With the novel coronavirus (COVID-19) outbreak ongoing, many wealthy New Yorkers are leaving the city to head toward the suburbs.
Buyers and renters in search of a "new normal" have been leaving New York City en masse and flooding the suburbs, where there is more space and less dense crowds. Others are riding out the outbreak at their second homes in the surrounding suburbs.
The outbreak has kept New Milford realtor Jason Levine busy.
"People want space to move around outdoors," said Levine, who owns TeamLevine ONE94 Real Estate Group with his wife, Katherine.
"I would say about half the offers we are getting on the properties that have multiple offers are people from New York. [Coronavirus] is definitely adding to the urgency."
Experts have said that the recent rash of buyers and renters leaving the city could revive the real estate markets in affluent towns of North Jersey, Westchester County, Long Island and Fairfield County.
“After going through this in the city ... people want a place where, if they have kids, they can get out and do something,” Steven Magnuson, a Douglas Elliman broker in Greenwich said to CNBC. “They can go out for a bike ride, and go for a run or walk and live their daily lives without feeling inundated by their neighbors."
“It seems like everyone wants to leave the city,” he added. “Our problem is not enough inventory for sale. We’ve been on the phone 24/7 and on email.”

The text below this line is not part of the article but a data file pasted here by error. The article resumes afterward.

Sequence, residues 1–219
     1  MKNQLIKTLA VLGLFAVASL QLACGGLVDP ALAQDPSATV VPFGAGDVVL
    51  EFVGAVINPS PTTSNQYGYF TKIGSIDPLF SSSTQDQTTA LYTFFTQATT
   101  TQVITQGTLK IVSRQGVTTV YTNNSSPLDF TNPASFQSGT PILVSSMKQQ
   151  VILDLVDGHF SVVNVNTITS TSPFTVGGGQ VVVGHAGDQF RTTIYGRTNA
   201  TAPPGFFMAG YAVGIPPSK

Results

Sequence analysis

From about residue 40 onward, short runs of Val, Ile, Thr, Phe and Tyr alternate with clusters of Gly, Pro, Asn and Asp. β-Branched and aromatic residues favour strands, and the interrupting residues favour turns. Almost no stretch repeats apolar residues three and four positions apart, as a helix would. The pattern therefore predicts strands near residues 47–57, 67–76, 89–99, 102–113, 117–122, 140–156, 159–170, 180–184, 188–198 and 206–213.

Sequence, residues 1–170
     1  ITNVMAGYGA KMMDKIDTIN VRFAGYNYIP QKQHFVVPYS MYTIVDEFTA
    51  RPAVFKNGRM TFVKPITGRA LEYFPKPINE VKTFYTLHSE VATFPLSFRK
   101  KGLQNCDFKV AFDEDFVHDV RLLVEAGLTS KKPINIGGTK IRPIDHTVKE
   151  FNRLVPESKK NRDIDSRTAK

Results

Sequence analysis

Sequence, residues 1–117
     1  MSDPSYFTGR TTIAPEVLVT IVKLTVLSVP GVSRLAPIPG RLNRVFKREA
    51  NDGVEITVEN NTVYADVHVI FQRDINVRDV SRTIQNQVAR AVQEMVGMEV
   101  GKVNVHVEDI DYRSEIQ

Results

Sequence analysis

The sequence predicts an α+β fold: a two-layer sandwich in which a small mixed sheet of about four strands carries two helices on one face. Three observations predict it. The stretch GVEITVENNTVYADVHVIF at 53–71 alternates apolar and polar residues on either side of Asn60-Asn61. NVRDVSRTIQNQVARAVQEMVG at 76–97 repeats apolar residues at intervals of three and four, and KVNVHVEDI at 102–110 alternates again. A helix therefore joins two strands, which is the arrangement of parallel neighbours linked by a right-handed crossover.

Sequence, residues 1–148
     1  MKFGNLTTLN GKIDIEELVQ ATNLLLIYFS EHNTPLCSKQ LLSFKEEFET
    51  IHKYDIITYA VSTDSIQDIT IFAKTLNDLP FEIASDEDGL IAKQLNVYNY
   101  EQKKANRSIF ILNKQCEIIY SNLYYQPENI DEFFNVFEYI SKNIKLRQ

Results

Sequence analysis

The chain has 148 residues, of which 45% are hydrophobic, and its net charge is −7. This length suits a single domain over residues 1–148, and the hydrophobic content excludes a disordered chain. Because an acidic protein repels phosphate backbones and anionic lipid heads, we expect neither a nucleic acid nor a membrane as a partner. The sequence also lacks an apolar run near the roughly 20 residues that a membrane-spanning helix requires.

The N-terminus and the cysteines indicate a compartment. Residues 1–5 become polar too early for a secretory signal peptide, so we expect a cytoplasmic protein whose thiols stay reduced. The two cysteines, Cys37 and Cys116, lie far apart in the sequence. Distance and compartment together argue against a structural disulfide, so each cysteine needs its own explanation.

When Gov. Phil Murphy imposed the stay-home order, things came to a halt -- both for realtors and much of New Jersey, recalls Jenny Viteritti, a realtor with Prominent Property's Sotheby’s Int’l Realty of Alpine.
New listings dropped by 23.4 percent in March. Showings took a plunge, too, she said.
Viteritti took properties off the market to protect homeowners early on, as well as her own family, she said.
"There was too much unknown to take a chance," she said.
Prominent Properties Sotheby’s Int’l Realty and other companies later shifted to virtual showings and limited in-person showings just to keep business moving forward, safely.
“Digital is key," Viteritti said. "Marketing properties with groundbreaking 3D platforms has always been part of our marketing strategy, but our online presence has proven to be paramount in highlighting homes, providing buyers with an accurate, detail property view to safely shop -- while still in pajamas."
The online shift has made the difference in the last two months, Viteritti said.
"There is traffic now," she said. "There were different shoppers early on, folks needing to move, perhaps they just sold a home, and bargain shoppers believing this could be similar to 2008.
"This Recession is not a housing crises, and prices are expected to rise."
COVID-19 has given many of Viteritti's New York City-based clients the push they needed to start the next chapter of their lives -- becoming homeowners.
"Many of the great towns are seeing the exodus of empty nesters and the arrival of young families ready to call Bergen County home, especially Millennials," Viteritti said.
"There’s limited inventory, so great homes will go quickly."
Short-term leases are also in high-demand in Bergen County and Hudson River towns, Viteritti said, noting those can be rented at top dollar right away if they're furnished.
Levine saw a slowdown in business at the onset of the outbreak, he said.
"People were fearful and rightfully so," Levine said.
"Now the fear seems to be subsiding and buyers and sellers are starting to feel more comfortable with the process. We have been incredibly busy."
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